Were you the victim of the Great Recession? Do you now find yourself underemployed and making less than you were just several years ago? If you answered yes to either of these questions or if you have seen your income drop for any other reason, you might have thought about refinancing your home. However, you could hit a roadblock.
Why get a new mortgage
The biggest reason to get a new mortgage is because of today’s mortgage interest rates. We heard one radio commercial recently that said anyone whose mortgage had an interest rate of 4.75% or higher should do a refi. It’s also expected that mortgage rates will rise between now and the end of the year, making this a good time to get that new mortgage. However, you could run into a roadblock. Because you’re now earning less, the bank or mortgage company could see you as not earning enough money to qualify for a refi.
Find a lender willing to consider other factors
While you may be turned down by some lenders, if you persevere you should be able to find a banker that would be willing to consider other factors in your life such as the Social Security benefits you will be receiving. If you can get the loan’s underwriter to understand all of your financial facts, you might be able to get a 30-year fixed mortgage with an interest rate as good as 3.5%. This could save you literally hundreds of dollars a month. In addition, here are four things you could do to improve your chances of getting that new money-saving loan.
There is literally nothing that can stop you from getting a good refi faster then a not-so-good credit score. You’re entitled to one free credit report a year from the three credit reporting bureaus and you should definitely get yours. Review it carefully, looking for errors that might be affecting your credit score. If you find some, be sure to dispute them. All three of the credit-reporting bureaus have online forms just for this purpose. Also, review your use of credit cards and credit card debt. Most lenders want to see that you have a credit card balance that’s under 50% of your credit limit. This is called your debt-to-credit ratio. You can calculate yours by dividing your credit card debt by your total credit card limits. If you find it’s at 50% or higher, you could make a quick fix by paying down some of that debt. Alternately, you could ask your credit card companies to bump up your limits. However, don’t use the money. Just let it sit there to improve your score.
Choose your lender wisely
Your local bank branches are probably not the best place to go for a refi. Talk to real estate agents and friends and compare rate quotes from several different mortgage banks and credit unions. Be sure to ask about turnaround times and make sure your loan officer is knowledgeable and responsive. If you go to a mortgage banker that loans its own money, it can be easier to deal with than a traditional bank. It’s also much better than going to a mortgage broker who is basically just a salesman.
Get your documents in order
You will probably need to have ready several months of bank statements so that your lenders can do what’s called an account audit. They will want to see your inflow or the amount of money that’s coming into your account each month. If you have large unsourced deposits such as a birthday check from your rich aunt, be ready to explain that. You will also need to have your tax returns on hand. If you are self-employed, Fannie Mae has mandated that you show two years of returns. And Fannie’s younger brother, Freddie Mac requires at least one year of returns.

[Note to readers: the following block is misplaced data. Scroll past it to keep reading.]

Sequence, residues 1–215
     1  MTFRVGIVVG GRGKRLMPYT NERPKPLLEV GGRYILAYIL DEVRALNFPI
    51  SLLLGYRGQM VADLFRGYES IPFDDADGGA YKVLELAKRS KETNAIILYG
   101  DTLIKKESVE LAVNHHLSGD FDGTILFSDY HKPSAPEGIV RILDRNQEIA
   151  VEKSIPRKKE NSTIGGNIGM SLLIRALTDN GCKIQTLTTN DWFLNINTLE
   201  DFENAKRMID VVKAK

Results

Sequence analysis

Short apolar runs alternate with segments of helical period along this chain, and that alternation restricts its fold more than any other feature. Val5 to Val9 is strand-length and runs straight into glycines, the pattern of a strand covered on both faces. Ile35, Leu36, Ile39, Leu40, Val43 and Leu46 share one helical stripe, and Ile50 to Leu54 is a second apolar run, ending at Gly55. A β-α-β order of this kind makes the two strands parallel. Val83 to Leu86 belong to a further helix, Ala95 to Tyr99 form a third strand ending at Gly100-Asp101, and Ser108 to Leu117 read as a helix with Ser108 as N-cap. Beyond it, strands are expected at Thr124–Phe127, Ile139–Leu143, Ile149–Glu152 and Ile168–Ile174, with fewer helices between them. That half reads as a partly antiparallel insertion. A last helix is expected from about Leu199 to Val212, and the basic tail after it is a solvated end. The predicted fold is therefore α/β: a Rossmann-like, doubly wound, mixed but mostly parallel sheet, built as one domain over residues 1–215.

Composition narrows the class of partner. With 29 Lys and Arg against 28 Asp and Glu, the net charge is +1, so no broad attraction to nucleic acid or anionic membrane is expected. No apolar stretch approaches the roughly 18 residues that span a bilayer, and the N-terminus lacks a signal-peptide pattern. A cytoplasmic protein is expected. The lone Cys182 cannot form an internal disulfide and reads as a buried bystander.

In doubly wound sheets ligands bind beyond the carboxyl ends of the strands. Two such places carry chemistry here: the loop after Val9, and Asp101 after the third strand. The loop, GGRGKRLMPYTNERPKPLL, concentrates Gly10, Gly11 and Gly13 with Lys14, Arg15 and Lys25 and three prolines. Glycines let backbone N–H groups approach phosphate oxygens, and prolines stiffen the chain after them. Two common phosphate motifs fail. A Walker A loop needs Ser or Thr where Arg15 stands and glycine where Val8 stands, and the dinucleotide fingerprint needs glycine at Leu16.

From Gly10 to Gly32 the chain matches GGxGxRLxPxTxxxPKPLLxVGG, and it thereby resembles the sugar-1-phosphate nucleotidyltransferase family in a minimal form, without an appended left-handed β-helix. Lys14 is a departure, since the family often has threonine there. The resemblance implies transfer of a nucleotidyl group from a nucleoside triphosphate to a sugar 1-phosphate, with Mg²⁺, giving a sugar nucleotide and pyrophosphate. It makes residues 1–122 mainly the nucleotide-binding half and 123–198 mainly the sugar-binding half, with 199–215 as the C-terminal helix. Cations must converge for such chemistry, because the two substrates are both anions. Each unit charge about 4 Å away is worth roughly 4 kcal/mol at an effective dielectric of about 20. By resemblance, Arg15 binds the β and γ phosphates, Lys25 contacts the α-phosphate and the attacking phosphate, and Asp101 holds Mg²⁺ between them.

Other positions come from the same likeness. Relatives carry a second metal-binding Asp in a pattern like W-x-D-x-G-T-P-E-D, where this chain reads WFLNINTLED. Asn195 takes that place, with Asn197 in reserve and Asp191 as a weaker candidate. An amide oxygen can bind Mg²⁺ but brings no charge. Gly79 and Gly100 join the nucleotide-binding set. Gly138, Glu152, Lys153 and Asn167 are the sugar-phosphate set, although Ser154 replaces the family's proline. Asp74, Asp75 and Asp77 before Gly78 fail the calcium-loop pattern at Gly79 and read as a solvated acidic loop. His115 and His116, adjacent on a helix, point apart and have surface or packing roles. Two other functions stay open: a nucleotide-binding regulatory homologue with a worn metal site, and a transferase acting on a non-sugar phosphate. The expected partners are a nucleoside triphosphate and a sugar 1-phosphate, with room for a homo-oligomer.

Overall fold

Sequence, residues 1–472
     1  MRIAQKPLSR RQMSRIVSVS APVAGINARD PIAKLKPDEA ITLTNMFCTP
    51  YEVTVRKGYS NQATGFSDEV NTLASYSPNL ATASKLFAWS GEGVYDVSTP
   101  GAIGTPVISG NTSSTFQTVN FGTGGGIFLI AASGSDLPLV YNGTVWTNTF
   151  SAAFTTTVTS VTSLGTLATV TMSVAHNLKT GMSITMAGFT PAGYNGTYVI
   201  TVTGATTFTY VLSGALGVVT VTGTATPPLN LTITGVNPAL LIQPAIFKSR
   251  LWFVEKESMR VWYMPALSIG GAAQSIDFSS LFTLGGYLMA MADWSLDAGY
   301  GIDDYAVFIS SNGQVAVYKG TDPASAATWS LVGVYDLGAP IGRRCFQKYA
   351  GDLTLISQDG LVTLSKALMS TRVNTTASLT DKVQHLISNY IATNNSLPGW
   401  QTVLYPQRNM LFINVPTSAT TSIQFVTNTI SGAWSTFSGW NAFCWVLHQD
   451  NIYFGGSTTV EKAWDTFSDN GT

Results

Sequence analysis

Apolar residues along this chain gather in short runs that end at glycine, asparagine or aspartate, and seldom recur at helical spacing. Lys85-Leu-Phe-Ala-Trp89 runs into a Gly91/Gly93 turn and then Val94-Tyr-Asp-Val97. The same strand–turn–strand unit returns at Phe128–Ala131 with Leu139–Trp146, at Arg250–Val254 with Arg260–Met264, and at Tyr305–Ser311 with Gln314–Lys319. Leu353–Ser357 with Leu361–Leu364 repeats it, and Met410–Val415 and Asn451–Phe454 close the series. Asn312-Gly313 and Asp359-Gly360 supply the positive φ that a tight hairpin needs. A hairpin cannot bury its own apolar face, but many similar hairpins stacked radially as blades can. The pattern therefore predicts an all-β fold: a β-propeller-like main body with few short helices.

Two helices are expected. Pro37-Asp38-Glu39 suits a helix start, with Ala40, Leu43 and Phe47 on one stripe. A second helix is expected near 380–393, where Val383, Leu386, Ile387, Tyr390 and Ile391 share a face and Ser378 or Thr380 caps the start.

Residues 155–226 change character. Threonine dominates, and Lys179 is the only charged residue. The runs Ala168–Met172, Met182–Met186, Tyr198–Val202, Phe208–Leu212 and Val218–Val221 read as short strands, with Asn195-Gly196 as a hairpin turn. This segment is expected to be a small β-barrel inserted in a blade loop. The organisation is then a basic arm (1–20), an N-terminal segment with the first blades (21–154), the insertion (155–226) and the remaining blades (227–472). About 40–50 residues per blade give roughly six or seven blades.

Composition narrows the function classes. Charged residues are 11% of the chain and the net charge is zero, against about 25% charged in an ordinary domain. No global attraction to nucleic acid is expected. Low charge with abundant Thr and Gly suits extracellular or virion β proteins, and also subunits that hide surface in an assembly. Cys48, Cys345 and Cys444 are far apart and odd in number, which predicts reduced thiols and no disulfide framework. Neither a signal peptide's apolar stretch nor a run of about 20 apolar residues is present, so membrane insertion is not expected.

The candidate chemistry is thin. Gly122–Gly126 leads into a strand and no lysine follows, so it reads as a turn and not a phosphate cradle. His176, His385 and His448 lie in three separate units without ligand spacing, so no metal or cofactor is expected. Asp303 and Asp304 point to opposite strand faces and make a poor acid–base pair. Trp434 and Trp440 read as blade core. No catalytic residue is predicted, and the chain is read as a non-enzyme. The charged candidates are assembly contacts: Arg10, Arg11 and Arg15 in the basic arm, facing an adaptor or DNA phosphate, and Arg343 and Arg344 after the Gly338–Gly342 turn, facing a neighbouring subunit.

Tweak the terms
If you will be dragging a mortgage into your retirement, you need to be careful because those monthly payments could swiftly erode your savings. However, if you’ve got 20 years to go on a mortgage that has a relatively high interest rate then refinancing to a new 30-year loan could significantly lower your monthly payments and free up money you could save for that retirement. You might also think about moving from a 30-year to a 15- or 20-year loan. Just make sure that you can afford a larger payment.
What to do if you’re underwater
If you were victimized by the great housing meltdown of 2007, you may owe more on your home than it’s worth. But don’t despair. You could still get a refi. The government’s Homeowners Affordable Refinancing Program (HARP) could help you get a refi if your mortgage is owned or guaranteed by either Fannie Mae or Freddie Mac ( or sold to Fannie Mae or Freddie Mac on or before May 31, 2009) and you are current on your mortgage payments. A HARP loan should also have a lower interest rate than your current interest rate and will have a fixed term.
More tips for getting a mortgage
Tip 1: Stop dawdling and refinance – interest rates are still at an almost all-time low
Tip 2: Buyers, get going – this is still a great time to buy a house
Tip 3: Check out an FHA vs. conventional loan
Tip 4: Make sure that your credit is golden
Tip 5: If you’re underwater, don’t take ‘no’ for an answer
Tip 6: Give your lender a chance – there are programs available if you’re struggling to make your payments
Tip 7: If you’re approved for a mortgage, leave your credit alone – most lenders will order a second credit report a few days before your closing
Tip 10: Understand that it’s not over until the loan closes
If you’d like to understand more about HARP, here is a video with five things you should know.